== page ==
Photo by Daniel Alexander Harris
Even from Sticky’s album art, it’s easy to tell that punk-rock band Frank Carter & The Rattlesnakes’ latest album marks a sharp departure from their previous releases—though, looking back at 2015’s Blossom, 2017’s Modern Ruin, and 2019’s End of Suffering, it seems this sudden explosion of colour and sound has really been a long time coming.
It seems like End of Suffering wasn’t really the end of suffering for Carter—as suggested by Sticky’s punchy, heavy, and at times overwhelming style which punctuates more than just the album’s artwork. Produced by Dean Richardson, the band’s guitarist, Sticky is an incredibly charged release. From being sexual at the start with songs like ‘Sticky,’ violent towards the middle with the song ‘My Town,’ and emotional by the end with the song ‘Original Sin,’ the album overflows in every way.
The tracks ‘Sticky,’ ‘My Town,’ ‘Go Get A Tattoo,’ and ‘Off With His Head’ were all released as singles ahead of time, but it’s ‘Sticky’ which kicks the full release off to a rolling start. Carter sings here about feeling ‘Oh so sticky / After midnight in the city,’ setting a cloying, oppressive tone that the rest of the album will follow. This owes itself in part to Richardson’s unrelenting guitar riffs that crop up back-to-back for the next few songs, leaving precious little breathing space between them, echoing the city Carter finds himself in.
‘Love, it ain’t what it seems,’ Carter cries out on the next track, ‘Cupid’s Arrow,’ where he himself talks about finding it ‘harder to breathe’. The motif that things are not as they seem is threaded—or rather skewered—throughout the album; each song is weighed down by disillusionment. Though the age-old saying of ‘sex, drugs, and rock-and-roll’ runs through Sticky, the album has an added shock of self-awareness with lyrics like: ‘My town, it looks like yours / Needles scattered on the floor / Body parts in bags, in wheelie bins,’ as sung by guest singer Joe Talbot on ‘My Town.’ The sixth track on the album and arguably Sticky’s peak, ‘Go Get A Tattoo,’ is an infectious ode to youthful hedonism and impulsiveness. The lyric ‘It's 2 AM, f*ck it / I'm getting a tattoo,’ marks guest artist Lynks’ alt-pop-infused entrance into the song, which Carter later follows with: ‘And I never want a lockdown again.’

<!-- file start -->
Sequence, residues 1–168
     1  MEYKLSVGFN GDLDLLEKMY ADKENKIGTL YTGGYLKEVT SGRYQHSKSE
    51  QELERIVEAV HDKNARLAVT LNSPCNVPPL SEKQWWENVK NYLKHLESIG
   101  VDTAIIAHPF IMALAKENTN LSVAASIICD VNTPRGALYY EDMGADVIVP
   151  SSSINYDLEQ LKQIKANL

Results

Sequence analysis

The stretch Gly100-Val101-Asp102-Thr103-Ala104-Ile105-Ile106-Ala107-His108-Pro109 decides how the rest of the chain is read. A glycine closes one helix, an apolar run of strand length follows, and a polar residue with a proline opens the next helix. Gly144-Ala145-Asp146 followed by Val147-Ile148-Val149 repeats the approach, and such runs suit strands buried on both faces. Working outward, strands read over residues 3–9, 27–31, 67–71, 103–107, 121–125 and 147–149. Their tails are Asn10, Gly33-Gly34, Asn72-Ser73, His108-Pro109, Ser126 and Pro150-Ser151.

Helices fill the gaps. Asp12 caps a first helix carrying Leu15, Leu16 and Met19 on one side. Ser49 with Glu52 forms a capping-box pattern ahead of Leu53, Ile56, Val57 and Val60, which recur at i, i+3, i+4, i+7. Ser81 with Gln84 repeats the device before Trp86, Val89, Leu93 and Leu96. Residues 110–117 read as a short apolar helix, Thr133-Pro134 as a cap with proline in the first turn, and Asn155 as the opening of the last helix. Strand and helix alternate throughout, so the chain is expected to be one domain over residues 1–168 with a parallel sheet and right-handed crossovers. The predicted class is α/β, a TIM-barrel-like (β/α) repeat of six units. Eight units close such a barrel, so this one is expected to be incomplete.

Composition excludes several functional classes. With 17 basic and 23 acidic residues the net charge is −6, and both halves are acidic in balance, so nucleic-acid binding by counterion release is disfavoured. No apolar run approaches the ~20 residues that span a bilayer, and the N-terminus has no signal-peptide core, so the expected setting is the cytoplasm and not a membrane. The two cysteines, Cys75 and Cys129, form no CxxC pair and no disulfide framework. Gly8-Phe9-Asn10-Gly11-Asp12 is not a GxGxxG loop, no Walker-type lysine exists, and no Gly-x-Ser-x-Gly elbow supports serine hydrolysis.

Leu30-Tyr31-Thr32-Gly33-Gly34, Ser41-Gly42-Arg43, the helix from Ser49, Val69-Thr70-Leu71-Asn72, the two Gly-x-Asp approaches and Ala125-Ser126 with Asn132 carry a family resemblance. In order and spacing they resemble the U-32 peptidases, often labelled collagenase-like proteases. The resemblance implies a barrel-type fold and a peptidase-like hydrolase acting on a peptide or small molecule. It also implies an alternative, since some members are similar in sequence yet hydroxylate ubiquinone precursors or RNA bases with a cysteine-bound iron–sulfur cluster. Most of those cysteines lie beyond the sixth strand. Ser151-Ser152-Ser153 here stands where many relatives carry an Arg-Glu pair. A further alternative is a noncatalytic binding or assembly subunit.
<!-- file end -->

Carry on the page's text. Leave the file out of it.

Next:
It’s clear that this release was not just coincidentally post-lockdown, but a product of it; a long-awaited outburst after having been faced with isolation and a rising discontentment with the social issues the pandemic brought to the fore. It’s fitting, then, that the next track, ‘Off With His Head,’ featuring Essex-born singer Cassyette, is a ruthless invective against the patriarchy. On the track, Carter and Cassyette’s vocals harmonise perfectly to create a tune that is both brutal and catchy, as could be said for much of the rest of the album.
‘Rat Race’ is another pandemic punk track, even more direct in its meaning and cutting in its words, which comes directly after the stand-out track, ‘Cobra Queen.’ Like the earlier ‘Cupid’s Arrow,’ ‘Cobra Queen’ is about love in all its beautiful and terrifying forms—the song is far from the ride-or-die requited romance of the band’s past hits like ‘Kitty Sucker,’ but it’s just as irresistible, with crooning vocals from Carter that are as alluring as the Cobra Queen he sings about.
‘Original Sin’ featuring Scottish rock singer Bobby Gillespie rounds off the album, with choral backing vocals and a saxophone line that almost takes centre stage over Gillespie’s low, breathy voice. Between the angelic chorus and Carter’s lamentations about the ‘devil / In the back of [his] mind,’ the track brings Frank Carter & The Rattlesnakes’ album to the perfect close.
Edited by Josh Aberman, Music Editor